Chancellor Perlman stated that the administration took into account the recommendations made by the Faculty Compensation Advisory Committee.  He noted that while the committee recognized the process that was used, he stated that they did recommend more money be retained at the department level.  He stated that all of the money that was designated for faculty was used strictly for faculty.  He noted this is the first installment that would bring us to the mid-point of our peers by the end of this biennium.  He pointed out that 4% went to the departments, the Deans retained 1.4%, and .9% was retained by the Vice Chancellors.  Satisfactory performance was set at 1.5%.  He stated that Chairs, Heads, and Deans were invited to apply for additional merit increases.  He pointed out that the Deans and Vice Chancellors were asked to make their adjustments in a way that would reinforce merit decisions at lower levels.  He noted that the guidelines stated that departments where the salary increment range is less than 6% should be prepared to justify the narrowness of the differences.  He pointed out that there was no requirement that departments had to reach a 6% differential between its highest increase and its lowest increase. He pointed out that he is certainly willing to work with the Senate to achieve a more consistent salary policy across the university.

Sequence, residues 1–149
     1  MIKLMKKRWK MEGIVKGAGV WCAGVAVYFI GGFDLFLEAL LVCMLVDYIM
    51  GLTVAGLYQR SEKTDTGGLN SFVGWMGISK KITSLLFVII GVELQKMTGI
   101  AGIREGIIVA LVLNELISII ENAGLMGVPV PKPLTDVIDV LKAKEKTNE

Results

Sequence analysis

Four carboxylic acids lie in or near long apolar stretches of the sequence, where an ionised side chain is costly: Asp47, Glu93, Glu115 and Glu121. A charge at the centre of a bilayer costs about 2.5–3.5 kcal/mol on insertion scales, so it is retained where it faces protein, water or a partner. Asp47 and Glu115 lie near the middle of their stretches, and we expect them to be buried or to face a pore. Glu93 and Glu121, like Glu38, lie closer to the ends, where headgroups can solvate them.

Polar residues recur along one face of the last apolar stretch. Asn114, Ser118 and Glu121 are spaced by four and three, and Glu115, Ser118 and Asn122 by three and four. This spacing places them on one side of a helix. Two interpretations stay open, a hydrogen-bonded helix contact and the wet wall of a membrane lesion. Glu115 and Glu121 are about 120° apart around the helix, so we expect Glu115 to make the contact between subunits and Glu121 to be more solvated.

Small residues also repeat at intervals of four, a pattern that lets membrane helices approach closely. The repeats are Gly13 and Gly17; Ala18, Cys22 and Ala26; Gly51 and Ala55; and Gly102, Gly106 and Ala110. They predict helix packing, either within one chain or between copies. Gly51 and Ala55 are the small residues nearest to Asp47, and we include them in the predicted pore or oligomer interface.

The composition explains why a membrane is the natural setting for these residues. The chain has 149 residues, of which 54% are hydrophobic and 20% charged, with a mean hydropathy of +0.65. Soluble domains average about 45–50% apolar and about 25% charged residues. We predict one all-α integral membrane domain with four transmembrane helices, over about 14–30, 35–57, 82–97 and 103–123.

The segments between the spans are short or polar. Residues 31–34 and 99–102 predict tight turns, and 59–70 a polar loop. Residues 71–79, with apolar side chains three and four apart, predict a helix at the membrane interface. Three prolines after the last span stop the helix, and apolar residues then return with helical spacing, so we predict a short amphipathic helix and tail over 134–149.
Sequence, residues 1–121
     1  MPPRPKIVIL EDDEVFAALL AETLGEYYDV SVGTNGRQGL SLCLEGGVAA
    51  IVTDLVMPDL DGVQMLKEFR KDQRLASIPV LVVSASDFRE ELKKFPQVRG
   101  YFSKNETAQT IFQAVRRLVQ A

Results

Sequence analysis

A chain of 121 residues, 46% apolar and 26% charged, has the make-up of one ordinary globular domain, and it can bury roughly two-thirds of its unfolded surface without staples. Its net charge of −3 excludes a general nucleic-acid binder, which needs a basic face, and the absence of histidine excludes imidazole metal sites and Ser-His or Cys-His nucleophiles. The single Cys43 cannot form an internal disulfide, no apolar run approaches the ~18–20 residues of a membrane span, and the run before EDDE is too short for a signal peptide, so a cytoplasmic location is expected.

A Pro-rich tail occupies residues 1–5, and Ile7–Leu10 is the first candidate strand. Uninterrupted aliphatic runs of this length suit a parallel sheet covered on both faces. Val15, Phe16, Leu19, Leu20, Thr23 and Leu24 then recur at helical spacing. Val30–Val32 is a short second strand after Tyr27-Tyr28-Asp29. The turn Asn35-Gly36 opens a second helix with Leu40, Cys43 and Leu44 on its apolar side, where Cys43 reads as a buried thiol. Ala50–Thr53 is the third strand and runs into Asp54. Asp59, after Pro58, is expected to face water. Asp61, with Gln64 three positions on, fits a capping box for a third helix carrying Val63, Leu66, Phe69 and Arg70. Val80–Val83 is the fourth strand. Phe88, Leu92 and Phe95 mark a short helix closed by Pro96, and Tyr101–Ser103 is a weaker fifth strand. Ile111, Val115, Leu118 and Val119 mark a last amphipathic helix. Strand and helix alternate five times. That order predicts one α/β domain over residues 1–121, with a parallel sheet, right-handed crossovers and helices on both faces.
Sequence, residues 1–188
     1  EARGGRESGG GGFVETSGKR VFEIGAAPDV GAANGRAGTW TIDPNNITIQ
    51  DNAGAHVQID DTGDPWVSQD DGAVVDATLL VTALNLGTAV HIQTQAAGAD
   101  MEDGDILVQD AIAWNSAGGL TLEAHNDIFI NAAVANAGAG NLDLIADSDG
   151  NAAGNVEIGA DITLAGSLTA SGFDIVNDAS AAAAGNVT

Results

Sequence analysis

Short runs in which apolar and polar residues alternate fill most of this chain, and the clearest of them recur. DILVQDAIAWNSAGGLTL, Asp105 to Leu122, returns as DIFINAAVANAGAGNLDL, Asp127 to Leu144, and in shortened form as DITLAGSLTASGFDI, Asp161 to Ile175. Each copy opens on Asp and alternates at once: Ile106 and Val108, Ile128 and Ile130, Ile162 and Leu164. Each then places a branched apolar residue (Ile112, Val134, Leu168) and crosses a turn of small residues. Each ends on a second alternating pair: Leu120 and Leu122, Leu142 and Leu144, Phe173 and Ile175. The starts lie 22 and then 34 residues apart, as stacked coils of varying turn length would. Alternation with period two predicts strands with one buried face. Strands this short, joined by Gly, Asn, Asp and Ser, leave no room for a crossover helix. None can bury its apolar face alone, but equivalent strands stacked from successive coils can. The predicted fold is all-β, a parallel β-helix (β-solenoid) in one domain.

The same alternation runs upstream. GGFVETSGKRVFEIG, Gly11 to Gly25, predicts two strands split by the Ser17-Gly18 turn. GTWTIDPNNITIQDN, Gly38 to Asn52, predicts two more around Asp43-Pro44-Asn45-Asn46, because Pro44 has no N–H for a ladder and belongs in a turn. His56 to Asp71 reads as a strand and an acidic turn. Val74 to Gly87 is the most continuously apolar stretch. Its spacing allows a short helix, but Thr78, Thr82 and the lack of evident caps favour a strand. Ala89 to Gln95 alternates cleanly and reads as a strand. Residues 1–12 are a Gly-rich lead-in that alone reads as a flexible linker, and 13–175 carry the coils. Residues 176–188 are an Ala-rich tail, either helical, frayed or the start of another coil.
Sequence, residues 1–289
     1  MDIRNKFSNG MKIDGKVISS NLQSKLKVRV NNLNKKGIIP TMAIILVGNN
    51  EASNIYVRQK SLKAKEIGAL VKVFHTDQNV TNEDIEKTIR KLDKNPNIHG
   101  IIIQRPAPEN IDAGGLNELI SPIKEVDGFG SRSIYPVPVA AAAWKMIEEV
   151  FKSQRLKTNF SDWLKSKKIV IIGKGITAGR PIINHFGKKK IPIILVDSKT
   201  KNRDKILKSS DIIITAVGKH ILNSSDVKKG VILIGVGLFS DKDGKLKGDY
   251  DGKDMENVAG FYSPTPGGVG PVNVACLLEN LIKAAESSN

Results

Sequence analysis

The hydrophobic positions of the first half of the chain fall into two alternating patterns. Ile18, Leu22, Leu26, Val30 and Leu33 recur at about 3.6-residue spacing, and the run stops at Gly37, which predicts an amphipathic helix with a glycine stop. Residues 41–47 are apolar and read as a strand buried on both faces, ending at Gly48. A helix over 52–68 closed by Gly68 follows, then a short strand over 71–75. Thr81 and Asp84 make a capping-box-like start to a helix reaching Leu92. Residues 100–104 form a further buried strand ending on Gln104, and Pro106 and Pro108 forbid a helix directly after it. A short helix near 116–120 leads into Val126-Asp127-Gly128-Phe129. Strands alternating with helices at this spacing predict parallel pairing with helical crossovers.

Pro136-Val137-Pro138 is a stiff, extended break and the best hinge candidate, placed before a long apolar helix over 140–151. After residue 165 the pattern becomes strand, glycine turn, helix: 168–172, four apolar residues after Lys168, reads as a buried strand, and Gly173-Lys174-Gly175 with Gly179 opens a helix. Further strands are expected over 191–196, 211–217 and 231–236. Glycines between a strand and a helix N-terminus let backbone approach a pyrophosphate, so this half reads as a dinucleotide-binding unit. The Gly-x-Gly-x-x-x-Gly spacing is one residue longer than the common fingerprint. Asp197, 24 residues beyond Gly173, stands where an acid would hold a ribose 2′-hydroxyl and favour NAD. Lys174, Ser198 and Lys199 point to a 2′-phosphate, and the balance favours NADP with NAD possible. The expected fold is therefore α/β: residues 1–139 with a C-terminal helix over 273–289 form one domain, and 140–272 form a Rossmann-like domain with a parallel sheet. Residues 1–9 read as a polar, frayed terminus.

Chancellor Perlman presented information on the salary adjustments for 1,115 full-time, tenured or tenure track faculty, including chairs and heads.  He stated that 51.5% of faculty received at least a 6% increase, 15% of faculty received increases over 10%, and 11% received increases of less then 3%.  He noted that the minimum for satisfactory performance was 1.5%.  He pointed out that the cost of living increase was 3%, and 88% of the faculty received more than the minimum and at least a cost of living increase.  He stated that there is a fairly broad distribution of salary increases overall which indicates that the campus took the merit increases seriously, and tried to do it in the context to reward people who made contributions to the university.  He pointed out that men and women stayed about the same at all levels, although there was a slightly higher percentage of women faculty members who received more than 6%.  He noted that there were no discernable differences between faculty according to race or rank.  He stated that a breakdown of the colleges is available in the handout that was distributed.